Legalization International Law

Legalization is a process of authenticating documents for use in a country that is not a member of the Hague Apostille Convention.   This is a more complex process than the simple California Apostille.  Apostilles are issued for countries who are members of the Hague Apostille Convention.  If the destination country is not a member, then a certification will be applied at the State and the U.S. Department of State level.

The chart to your right helps clarify the steps involved.  Please keep in mind that not all documents require notarization and not every country will ask you to complete all the steps.  Birth, Death, and Marriage certified originals are issued by the local County Clerk’s office.  A Divorce Decree is issued by the Superior Court.  These kind of documents do not require notarization and can be sent to our office for immediate processing with the California Secretary of State.

The California Secretary of State authenticates signatures only on documents issued in the State of California signed by a notary public or the following public officials and their deputies:

  • County Clerks, Registrar-Recorder
  • Court Administrators of the Superior Court
  • Executive Clerks of the Superior Court
  • Officers whose authority is not limited to any particular county
  • Executive Officers of the Superior Court
  • Judges of the Superior Court
  • Notaries Public
  • State Officials

Once your documents have been certified at the California Secretary of State’s Office, the next step is to have your documents certified at the U.S. Department of State in Washington, D.C.  Our affiliate office is located in this district allowing us to process your documents quickly (1-3 business days).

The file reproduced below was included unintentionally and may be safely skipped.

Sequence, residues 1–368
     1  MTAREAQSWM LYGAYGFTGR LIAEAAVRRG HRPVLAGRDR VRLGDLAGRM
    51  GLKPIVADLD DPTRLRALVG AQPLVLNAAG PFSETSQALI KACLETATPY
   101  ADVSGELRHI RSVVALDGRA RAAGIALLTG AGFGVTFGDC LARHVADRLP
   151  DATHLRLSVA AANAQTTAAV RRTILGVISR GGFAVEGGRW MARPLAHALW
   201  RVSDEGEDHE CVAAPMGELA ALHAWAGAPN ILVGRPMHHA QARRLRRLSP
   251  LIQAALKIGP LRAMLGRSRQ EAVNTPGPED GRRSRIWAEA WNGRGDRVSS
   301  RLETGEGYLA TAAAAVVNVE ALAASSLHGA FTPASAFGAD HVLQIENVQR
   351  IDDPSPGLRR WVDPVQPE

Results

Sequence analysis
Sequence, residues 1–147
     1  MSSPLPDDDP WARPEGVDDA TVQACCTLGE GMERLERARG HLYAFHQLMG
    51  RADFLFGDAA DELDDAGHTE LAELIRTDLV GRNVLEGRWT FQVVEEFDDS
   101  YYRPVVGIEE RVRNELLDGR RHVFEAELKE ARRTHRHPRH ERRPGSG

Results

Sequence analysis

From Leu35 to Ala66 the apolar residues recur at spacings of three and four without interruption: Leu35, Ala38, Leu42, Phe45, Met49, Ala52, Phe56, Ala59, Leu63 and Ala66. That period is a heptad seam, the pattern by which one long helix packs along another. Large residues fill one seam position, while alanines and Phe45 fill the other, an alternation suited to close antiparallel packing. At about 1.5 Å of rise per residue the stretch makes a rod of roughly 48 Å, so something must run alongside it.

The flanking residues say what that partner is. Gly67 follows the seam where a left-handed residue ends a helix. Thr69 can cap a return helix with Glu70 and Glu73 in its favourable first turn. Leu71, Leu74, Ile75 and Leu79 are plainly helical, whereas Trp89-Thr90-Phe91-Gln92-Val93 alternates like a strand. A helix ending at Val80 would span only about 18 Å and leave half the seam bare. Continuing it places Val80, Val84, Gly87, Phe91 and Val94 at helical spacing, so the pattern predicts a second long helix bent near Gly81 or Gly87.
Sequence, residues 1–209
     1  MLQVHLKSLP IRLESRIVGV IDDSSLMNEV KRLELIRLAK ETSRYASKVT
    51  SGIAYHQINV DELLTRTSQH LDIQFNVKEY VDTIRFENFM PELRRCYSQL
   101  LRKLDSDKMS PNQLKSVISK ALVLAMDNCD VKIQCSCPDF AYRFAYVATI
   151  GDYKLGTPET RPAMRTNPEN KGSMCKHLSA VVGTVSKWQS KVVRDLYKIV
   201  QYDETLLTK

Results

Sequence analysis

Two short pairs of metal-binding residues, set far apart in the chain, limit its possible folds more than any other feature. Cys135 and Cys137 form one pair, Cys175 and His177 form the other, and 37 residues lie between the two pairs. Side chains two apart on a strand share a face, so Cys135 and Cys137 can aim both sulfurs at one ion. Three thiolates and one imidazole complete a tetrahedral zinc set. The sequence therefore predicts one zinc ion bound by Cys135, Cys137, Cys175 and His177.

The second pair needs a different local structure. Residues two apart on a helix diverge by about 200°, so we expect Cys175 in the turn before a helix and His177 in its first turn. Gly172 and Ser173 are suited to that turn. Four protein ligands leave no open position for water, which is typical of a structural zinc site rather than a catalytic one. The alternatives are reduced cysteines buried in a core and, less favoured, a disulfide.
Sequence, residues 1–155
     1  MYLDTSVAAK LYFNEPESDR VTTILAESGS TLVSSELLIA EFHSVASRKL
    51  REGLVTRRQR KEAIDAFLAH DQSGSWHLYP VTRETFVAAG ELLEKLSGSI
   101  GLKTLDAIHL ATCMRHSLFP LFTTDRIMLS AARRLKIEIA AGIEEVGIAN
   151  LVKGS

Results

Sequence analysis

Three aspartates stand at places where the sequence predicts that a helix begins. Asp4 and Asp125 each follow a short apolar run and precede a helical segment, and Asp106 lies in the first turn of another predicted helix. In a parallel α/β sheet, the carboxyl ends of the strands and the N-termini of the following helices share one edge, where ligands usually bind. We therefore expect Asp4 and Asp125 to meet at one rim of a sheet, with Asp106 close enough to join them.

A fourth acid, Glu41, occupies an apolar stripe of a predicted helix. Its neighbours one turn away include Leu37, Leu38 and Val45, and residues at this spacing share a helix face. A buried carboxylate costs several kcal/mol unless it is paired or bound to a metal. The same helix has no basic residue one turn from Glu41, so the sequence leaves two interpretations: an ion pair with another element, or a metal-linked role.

The U.S. Department of State will authenticate the signature of the California Secretary of State and a certificate will be attached.  Once complete, your documents are now ready to be legalized at the Embassy or Consulate office.

Every industry has their own special lingo.  Some of the following words are used interchangeably by others so we’ll help clarify the real meaning.

1. Apostille – A document issued by the Secretary of State which is destined to a country who is a member of the Hague Apostille Convention.

2. Certification – A document issued by the Secretary of State which is destined to a country who is NOT a member of the Hague Apostille convention.

3. Authentication – This is what the California Secretary of State and the US Department of State does.  They authenticate the signature of the person who signed the document.

4. Legalization – Refers to what the Consul or Embassy does.

5. Attestation – Refers to being sworn in that everything is true and correct written on the document.  Basically taking an oath.

Click to download our California Apostille order form. Our Apostille service is fast, convenient, and saves you time and money.